Hardy's works take place in Wessex (named after the Anglo-Saxon kingdom which existed in the area). One of his distinctive achievements is to have captured the cultural atmosphere of rural Wessex in the golden epoch that existed just before the coming of the railways and the agricultural and industrial revolutions that were to change the English countryside for ever.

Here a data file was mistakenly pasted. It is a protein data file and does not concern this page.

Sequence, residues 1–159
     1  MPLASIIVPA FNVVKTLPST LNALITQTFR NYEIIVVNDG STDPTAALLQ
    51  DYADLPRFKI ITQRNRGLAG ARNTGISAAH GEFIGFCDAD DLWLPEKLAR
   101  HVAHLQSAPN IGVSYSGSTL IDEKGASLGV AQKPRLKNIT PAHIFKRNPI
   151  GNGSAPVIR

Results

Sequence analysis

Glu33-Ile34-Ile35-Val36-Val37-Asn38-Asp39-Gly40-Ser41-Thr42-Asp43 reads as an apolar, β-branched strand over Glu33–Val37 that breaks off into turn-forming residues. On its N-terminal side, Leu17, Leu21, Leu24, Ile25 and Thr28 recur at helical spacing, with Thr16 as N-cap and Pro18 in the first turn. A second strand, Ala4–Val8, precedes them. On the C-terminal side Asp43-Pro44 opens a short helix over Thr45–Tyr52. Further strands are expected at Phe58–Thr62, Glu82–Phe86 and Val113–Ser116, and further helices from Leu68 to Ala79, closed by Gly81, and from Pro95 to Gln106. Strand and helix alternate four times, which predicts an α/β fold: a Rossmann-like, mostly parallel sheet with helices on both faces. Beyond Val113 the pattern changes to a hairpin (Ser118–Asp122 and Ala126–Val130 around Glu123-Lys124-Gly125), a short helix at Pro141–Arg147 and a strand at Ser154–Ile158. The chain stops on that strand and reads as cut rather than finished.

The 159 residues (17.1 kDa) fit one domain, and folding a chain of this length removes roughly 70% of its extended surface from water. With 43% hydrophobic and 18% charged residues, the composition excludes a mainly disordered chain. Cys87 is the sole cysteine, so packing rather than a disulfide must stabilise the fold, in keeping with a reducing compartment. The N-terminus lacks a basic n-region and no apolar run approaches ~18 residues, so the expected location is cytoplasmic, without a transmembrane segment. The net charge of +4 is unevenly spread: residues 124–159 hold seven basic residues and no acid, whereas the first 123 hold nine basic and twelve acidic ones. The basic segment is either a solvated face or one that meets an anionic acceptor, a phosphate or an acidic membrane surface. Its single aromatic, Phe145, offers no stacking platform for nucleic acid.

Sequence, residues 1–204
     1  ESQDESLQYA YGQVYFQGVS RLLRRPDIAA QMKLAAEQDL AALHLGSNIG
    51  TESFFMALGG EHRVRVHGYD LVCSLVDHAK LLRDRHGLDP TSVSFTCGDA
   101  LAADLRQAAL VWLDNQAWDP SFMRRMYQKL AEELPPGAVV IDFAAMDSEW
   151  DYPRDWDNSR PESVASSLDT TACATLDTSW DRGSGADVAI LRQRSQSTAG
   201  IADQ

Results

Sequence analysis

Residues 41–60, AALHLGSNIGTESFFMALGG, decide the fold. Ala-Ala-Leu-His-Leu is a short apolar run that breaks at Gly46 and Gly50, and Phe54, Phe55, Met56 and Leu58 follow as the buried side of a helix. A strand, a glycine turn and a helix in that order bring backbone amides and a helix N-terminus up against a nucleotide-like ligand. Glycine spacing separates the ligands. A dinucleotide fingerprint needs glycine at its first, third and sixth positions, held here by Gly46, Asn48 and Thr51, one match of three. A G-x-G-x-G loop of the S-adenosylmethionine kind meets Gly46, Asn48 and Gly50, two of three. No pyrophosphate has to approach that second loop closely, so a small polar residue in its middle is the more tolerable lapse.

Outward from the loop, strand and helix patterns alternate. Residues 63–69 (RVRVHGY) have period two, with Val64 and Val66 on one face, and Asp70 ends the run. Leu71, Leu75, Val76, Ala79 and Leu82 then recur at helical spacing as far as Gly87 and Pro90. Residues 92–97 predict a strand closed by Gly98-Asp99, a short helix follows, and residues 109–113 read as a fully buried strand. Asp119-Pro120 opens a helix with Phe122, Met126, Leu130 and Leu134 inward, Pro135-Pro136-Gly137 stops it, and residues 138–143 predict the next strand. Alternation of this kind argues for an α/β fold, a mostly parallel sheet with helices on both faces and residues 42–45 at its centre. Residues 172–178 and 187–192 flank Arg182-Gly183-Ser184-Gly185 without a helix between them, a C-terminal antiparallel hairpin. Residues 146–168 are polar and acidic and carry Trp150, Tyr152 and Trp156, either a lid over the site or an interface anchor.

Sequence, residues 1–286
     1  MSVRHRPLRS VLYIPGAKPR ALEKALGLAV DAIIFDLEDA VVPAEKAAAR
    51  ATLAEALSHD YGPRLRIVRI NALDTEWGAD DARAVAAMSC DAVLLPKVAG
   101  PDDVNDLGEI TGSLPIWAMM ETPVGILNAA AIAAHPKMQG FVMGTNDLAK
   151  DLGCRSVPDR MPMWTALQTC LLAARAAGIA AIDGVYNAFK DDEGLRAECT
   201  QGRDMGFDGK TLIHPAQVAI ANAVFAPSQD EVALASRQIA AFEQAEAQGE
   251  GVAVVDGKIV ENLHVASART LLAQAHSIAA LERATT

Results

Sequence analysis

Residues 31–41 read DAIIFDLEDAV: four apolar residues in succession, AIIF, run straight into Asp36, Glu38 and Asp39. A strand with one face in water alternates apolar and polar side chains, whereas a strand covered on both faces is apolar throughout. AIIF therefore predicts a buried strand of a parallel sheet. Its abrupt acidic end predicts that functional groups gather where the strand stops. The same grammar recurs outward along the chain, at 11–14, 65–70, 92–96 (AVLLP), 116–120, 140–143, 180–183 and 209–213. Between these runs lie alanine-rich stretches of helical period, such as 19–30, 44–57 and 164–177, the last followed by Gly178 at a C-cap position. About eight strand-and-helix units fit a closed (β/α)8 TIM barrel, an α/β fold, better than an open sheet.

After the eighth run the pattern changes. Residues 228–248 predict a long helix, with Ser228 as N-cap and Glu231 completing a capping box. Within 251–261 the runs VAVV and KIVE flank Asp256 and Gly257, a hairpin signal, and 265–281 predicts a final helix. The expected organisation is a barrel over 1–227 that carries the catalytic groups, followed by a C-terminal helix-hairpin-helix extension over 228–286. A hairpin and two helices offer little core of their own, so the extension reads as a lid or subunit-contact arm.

His works are often deeply pessimistic and full of bitter irony, in sharp contrast to the prevalent Victorian optimism.
Upon a poet's page I wrote Of old two letters of her name; Part seemed she of the effulgent thought Whence that high singer's rapture came. - When now I turn the leaf the same Immortal light illumes the lay, But from the letters of her name The radiance has died away!